Vatican City, officially known as Vatican City State (Italian: Stato della Città del Vaticano, Latin: Status Civitatis Vaticanae), is the world's smallest country, a sovereign Southern European city-state located entirely within Rome. Created by the Lateran Treaties of 1929, it had a previous, and far more powerful incarnation - The Papal States. It is perhaps the only currently existing Real Life example of The Theocracy as well as one of the most famous examples of a Holy City. It is also unique in the modern world in having Latin as its official languagenote , though its newspaper, L'Osservatore Romano, is published primarily in Italian.
The country is ruled by the pope, which is also the ruler of the Holy See, that is, the government of the Roman Catholic Church whose influence extends far outside the city's walls. This makes the pope one of the Roman Catholic religious leader that also leads a country, the other being the Bishop of Urgell of Andorra. While Castel Gandolfo (the summer residence of the pope and current home to "pope emeritus" Joseph Ratzinger) and other places belong to the church, they are not as is often assumed exclaves of the Vatican in any diplomatic sense. However, Italy does not usually press the matter, so the point is moot for all but geography nerds.
The Holy See (not the Vatican as a state which is member of jack squat) is not a member of the United Nations, but has Permanent Observer status. Remarkably, this situation is the result of the Church's sense of honor: since the UN holds freedom and democracy as one of its highest values, and the Vatican is neither free nor democratic (as it is technically an absolute monarchy and all its inhabitants are either clergy or Swiss Guards oath-bound to obey the Pope), it declines full membership out of honesty. This isn't to say that the Church is opposed to freedom or democracy — quite the opposite — but that the Vatican works best as it is, and nobody complains (it is the only state in the world where everyone who lives there has made an active and completely voluntary choice to do sonote ). Vatican City also does not participate in The European Union, its income primarily consisting of contributions from believers around the world, as well as its tourist sector, although it uses the Euro as currency and has a deal with the EU to mint - highly sought after - "Vatican Euros".note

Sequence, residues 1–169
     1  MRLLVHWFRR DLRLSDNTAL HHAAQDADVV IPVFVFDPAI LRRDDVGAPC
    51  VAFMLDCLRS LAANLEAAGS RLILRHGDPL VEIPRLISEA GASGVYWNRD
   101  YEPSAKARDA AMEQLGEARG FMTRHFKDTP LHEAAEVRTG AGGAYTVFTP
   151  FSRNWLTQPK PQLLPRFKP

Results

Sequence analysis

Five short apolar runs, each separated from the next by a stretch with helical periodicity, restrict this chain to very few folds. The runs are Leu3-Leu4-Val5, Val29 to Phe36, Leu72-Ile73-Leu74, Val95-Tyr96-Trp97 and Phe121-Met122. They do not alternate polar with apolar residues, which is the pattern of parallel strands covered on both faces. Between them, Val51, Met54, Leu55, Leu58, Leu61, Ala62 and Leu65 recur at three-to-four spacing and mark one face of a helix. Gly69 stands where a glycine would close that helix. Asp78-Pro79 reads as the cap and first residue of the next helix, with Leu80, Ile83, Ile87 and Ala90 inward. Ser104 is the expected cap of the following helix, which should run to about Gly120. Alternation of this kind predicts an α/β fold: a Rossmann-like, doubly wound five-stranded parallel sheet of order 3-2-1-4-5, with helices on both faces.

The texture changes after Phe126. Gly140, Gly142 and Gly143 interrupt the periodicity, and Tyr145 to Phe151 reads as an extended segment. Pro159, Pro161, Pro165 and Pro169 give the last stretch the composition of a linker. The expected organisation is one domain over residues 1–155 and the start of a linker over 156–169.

The smallest city/state devotes much of its money back outside, often leaving it slightly in the red. While it gained $355.5 million in revenue in 2008, it spent $356.8 million. Vatican City does house a vast and priceless collection of art collected over its multi-millennial existence, but chooses to keep the treasures for all to see; else, a private collector could buy and shut it away forever.
Please note that you must dress appropriately to enter.note
Nowadays, the city-state mainly serves as the administrative capital of Catholicism and a major religious tourist destination. In an example of the perfidy of statistics, it has the world's highest per-capita crime rate, of 1.5 crimes per capita.
A common misnomer: while Vatican City is surrounded by Rome, the religion's official name is simply the "Catholic Church". The term "Roman" (or "Latin") just defines one of the rites, or liturgical practices, of a bulk of their followers. There are numerous Eastern Catholic churches (e.g. the Ukrainian Catholic Church, the Maronite Catholic Church, the Chaldean Catholic Church, the Armenian Catholic Church, the Assyrian Catholic Church...), which use various non-Latin rites: namely, the Byzantine Rite (broadly similar to the Eastern Orthodox liturgy), Alexandrian Rite (broadly similar to the Oriental Orthodox), the Antiochan/West Syrian Rite, and the East Syrian Rite. There are also variant Latin/Western rites, including the Ambrosian Rite (still used in Milan), the Mozarabic Rite (formerly used by the Catholics of Muslim Spain), the Sarum Rite (formerly used in England), and the Anglican Use (used by congregations which were once Anglo-Catholic—i.e. Catholicizing members of the Anglican Communion—who decided to have done with it already and join the Catholic Church, but retained the Anglican liturgy). Despite following different rites, believers of these churches recognize the Pope as their leader (that's what "Catholic" means in Latin: universal).